A Franciscan priest in Aleppo, Syria, says the country's war is worse now than it has ever been before, and the remaining Christians are trying to help the suffering and share God's love in the midst of an "eerie, cemetery" nightmare.
"Never, since the beginning of this terrible war, were things as bad as they are now. I have no words to describe all the suffering I see on a daily basis," Fr. Ibrahim Alsabagh told Catholic charity Aid to the Church in Need, according to the Catholic Herald.
Aleppo has been torn apart in the ongoing civil war in Syria, besieged by the government forces of President Bashar Al Assad and the various rebel groups seeking to take out his regime. The Islamic State terror group has also been battling in the area, leaving around 50,000 Christians and other civilians surrounded by dangers from all sides. more >>
The United States Commission on International Religious Freedom has found that religious minorities in Iran, including Christians, continue experiencing severe human rights abuses, closing in on one year on the historical nuclear deal between the Islamic Republic and Western nations.
The major report, released only a couple months shy from the one year anniversary of the nuclear deal reached in July 2015, found that religious freedom conditions "continued to deteriorate" over the past year, with Christians, Baha'is, and the minority Sunni Muslims facing the most persecution at the form of harassment, arrests, and imprisonment.
The key findings noted that under President Hassan Rouhani's administration, the number of religious-based arrests has increased, despite Iran's continuous denial that it is violating people's human and religious freedom rights. more >>
Father Tom Uzhunnalil, the Indian priest kidnapped two months ago from a nursing home in Yemen where 16 people were killed, is still alive at the hands of Islamic State radicals, according to rumors, but his fate remains uncertain.
"The last words, which are quite reassuring, I received indirectly about 10 days ago. I was told that Father Tom is alive, and that his return to freedom could be imminent. But since then nothing has happened. We hope and pray for him," Bishop Paul Hinder OFM Cap, Apostolic Vicar of Southern Arabia, told Agenzia Fides in an update on Tuesday.
The priest was initially feared to have been crucified by the extremists on Good Friday, but subsequent information from the Catholic Church denied the rumor, instead suggesting that he was still alive and that negotiations are being carried out with IS for his release. more >>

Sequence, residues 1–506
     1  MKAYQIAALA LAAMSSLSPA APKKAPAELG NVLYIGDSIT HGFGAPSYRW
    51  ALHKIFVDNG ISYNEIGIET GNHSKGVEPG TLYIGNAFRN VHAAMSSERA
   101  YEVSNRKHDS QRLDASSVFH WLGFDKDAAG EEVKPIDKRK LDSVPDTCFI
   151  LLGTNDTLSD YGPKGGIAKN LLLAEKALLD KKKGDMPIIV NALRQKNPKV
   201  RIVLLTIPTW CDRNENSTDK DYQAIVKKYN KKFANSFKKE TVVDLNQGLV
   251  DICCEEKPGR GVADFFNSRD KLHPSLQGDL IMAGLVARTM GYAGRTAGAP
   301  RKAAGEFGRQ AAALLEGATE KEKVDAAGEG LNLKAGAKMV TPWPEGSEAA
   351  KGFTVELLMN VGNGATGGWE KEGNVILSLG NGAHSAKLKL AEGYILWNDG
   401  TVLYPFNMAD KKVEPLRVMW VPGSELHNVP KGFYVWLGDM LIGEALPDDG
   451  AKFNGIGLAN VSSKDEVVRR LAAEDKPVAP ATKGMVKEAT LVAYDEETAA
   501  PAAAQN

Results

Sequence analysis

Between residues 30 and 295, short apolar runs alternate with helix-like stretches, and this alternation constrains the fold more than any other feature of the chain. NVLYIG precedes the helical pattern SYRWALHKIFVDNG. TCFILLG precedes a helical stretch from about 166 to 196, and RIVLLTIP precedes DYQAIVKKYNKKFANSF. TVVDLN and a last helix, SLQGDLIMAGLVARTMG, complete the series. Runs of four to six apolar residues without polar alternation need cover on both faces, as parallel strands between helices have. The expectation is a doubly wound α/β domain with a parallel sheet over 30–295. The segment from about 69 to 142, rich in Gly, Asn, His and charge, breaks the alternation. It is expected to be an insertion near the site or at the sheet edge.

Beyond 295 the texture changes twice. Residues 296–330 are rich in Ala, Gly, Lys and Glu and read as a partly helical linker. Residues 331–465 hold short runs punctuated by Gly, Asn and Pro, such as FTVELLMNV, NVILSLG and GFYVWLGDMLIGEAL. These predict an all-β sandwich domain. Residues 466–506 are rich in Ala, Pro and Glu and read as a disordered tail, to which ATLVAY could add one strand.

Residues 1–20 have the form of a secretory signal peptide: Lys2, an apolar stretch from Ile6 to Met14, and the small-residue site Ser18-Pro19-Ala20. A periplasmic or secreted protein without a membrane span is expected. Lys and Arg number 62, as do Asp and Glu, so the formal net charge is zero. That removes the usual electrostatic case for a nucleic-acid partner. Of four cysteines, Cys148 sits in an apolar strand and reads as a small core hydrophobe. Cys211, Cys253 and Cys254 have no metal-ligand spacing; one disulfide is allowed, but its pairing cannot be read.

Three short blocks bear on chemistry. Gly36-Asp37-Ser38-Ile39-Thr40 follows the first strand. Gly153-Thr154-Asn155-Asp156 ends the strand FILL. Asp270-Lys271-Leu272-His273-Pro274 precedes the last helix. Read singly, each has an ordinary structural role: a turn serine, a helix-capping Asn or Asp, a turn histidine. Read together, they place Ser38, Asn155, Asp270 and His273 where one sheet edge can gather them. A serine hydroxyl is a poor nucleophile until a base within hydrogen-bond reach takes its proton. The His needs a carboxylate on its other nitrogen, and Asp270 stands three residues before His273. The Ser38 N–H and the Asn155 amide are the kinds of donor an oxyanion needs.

An Indian Catholic bishop who was kidnapped by unknown abductors, beaten and interrogated about the finances of his diocese has been freed.
Bishop Prasad Gallela, who serves the diocese of Cuddapah in the Andhra Pradesh state in southeast India, went through the details of his recent abduction in an interview with the Catholic news outlet UCANews.com.
The 54-year-old Gallela explained that he was on his way home from mass at Karunagiri Shrine on April 25 when unknown abductors came in two vehicles and took him to an undisclosed location. more >>
A decorated United States Army Green Beret who faced involuntary discharge for confronting an Afghan police commander who raped a 12-year-old child will be exonerated and reinstated, the Army Board for Correction of Military Records confirmed last week.
The U.S. Army announced last August that it was going to expel Sergeant First Class Charles Martland after he and team leader Daniel Quinn physically confronted a police commander in Kunduz, who had kidnapped and raped a local boy and beat his mother after she reported the incident to U.S. troops.
The incident happened during Martland's second deployment to Afghanistan in 2011 when he and Quinn confronted the police commander after hearing the 12-year-old boy's testimony and allegations of rape and abuse. more >>
The Islamic State terrorist organization is employing yet another cruel and sick way to punish women who chose not to adhere to the militant group's strict dress code by locking them in cages with skeletons.
Last Friday, the militant group locked at least two women inside cages with skulls as punishment for not following the Shariah dress code in the jihadists' Syrian stronghold of Raqqa, The Independent reports.
According to the British news outlet, the incidents were uncovered by the media activist network Raqqa Is Being Slaughtered Silently (RBSS), which reports on human rights abuses committed by IS (also known as ISIS or ISIL) from inside the group's caliphate in Syria. more >>